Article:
(d) pumping the combined feed water under pressure to a first membrane module containing cellulose acetate membranes where the combined feed water is passed over one side of the membranes and clear water is taken from the other side of the membranes and flowed out of the first module for use;

(e) passing the water that does not pass through the membranes of the first module to a second module containing cellulose acetate membranes Where the water is passed over one side of the membranes and clear water is taken from the other side of the membranes and flowed out of the second module for use; and

(f) rejecting the water in (e) that does not pass through the membranes of the second module or recycling a selected portion thereof back to the feed flow.

References Cited UNITED STATES PATENTS 3,504,796 4/1970 Bray 210-137 1,995,639 3/1935 Henderson 210-62 3,501,402 3/ 1970 Console 2110-38 3,342,728 9/1967 Malm et al 210-23 3,431,201 3/1969 Johnson et al 210-23 3,639,231 2/1972 Bresler 210-259 X 40 FRANK A. SPEAR, JR., Primary Examiner U.S. Cl. X.R. 210-259, 321, 433

Referenced by
Citing PatentFiling datePublication dateApplicantTitle
US4083780 *Jul 29, 1976Apr 11, 1978Envirogenics Systems CompanyFluid purification system
US4332685 *Jan 26, 1978Jun 1, 1982Ecodyne CorporationMethod and apparatus for treating water
US4366063 *Jun 17, 1981Dec 28, 1982Romec Environmental Research & Development, Inc.Process and apparatus for recovering usable water and other materials from oil field mud/waste pits
US4498990 *Jul 19, 1982Feb 12, 1985Gambro Lundia AbFiltering device
US4574049 *Jun 4, 1984Mar 4, 1986Arrowhead Industrial Water, Inc.Reverse osmosis system
US5078864 *Feb 23, 1990Jan 7, 1992Nature's Sunshine Products, Inc.High flow rate reverse osmosis water filtration system for home use
US5670053 *Aug 7, 1995Sep 23, 1997Zenon Environmental, Inc.Purification of gases from water using reverse osmosis
US5766479 *Aug 7, 1995Jun 16, 1998Zenon Environmental Inc.Production of high purity water using reverse osmosis
US5997745 *Apr 8, 1998Dec 7, 1999Zenon Environmental Inc.Method for producing high purity water using triple pass reverse osmosis (TPRO)
US6120689 *Apr 8, 1998Sep 19, 2000Zenon Environmental, Inc.High purity water using triple pass reverse osmosis (TPRO)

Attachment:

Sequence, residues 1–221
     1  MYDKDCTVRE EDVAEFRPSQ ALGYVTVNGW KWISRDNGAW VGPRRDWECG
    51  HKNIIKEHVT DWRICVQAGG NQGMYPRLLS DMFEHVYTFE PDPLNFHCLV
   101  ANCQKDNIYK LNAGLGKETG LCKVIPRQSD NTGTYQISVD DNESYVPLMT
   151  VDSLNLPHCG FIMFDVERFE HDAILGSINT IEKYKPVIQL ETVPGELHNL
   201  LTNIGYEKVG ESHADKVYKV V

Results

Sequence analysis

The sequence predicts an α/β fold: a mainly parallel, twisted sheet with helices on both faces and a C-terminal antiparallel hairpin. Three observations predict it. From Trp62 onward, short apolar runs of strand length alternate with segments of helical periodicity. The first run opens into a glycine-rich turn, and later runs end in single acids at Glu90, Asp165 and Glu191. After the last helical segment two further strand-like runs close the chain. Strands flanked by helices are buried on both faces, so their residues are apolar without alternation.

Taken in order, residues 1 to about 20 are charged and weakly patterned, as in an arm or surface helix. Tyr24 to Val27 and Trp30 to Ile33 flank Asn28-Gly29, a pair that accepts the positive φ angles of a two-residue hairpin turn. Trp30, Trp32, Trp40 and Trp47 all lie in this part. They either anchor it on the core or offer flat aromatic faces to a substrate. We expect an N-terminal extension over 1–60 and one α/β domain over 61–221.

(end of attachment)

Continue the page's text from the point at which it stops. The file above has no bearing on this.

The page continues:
US9517951 *Aug 6, 2015Dec 13, 2016Un Young LIMApparatus and method for the seawater pre-treatment for desalinating seawater into fresh water
US20160068412 *Aug 6, 2015Mar 10, 2016Un Young LIMApparatus and method for the seawater pre-treatment for desalinating seawater into fresh water
EP3141529A1 *Sep 10, 2015Mar 15, 2017Brita GmbHApparatus and method for treating an aqueous liquid
WO1982004435A1 *May 17, 1982Dec 23, 1982Romec Environmental Res & DevProcess and apparatus for recovering usable water and other materials from oil field mud/waste pits
WO2017013536A1 *Jul 13, 2016Jan 26, 2017I.D.E. Technologies LtdImroved reverse osmosis or nanofiltration process for cleaning water
WO2017042307A1 *Sep 9, 2016Mar 16, 2017Brita GmbhApparatus and method for treating an aqueous liquid
Classifications
U.S. Classification210/638, 210/639, 210/259
International ClassificationC02F1/44, B01D61/04, B01D61/02
Cooperative ClassificationC02F1/441, B01D61/04, B01D2311/04, B01D61/022
European ClassificationC02F1/44B, B01D61/04, B01D61/02B
Legal Events
DateCodeEventDescription
May 3, 1993ASAssignment
Owner name: CHASE MNHATTAN BANK, THE, NEW YORK
Free format text: ASSIGNMENT OF ASSIGNORS INTEREST;ASSIGNOR:RAYPAK, INC.;REEL/FRAME:006531/0297
Effective date: 19930405
May 3, 1993AS02Assignment of assignor's interest
Owner name: CHASE MNHATTAN BANK, THE 4 METROTECH CENTER 13TH F
Owner name: RAYPAK, INC.
Effective date: 19930405
Dec 2, 1985AS02Assignment of assignor's interest
Owner name: AQUA MAN, INC., P.O. BOX 3906, WESTLAKE VILLAGE, C
Effective date: 19850723
Owner name: RAYPAK, INC., A CORP. OF CA.
Dec 2, 1985ASAssignment
Owner name: AQUA MAN, INC., P.O. BOX 3906, WESTLAKE VILLAGE, C
Free format text: ASSIGNMENT OF ASSIGNORS INTEREST.;ASSIGNOR:RAYPAK, INC., A CORP. OF CA.;REEL/FRAME:004483/0605
Effective date: 19850723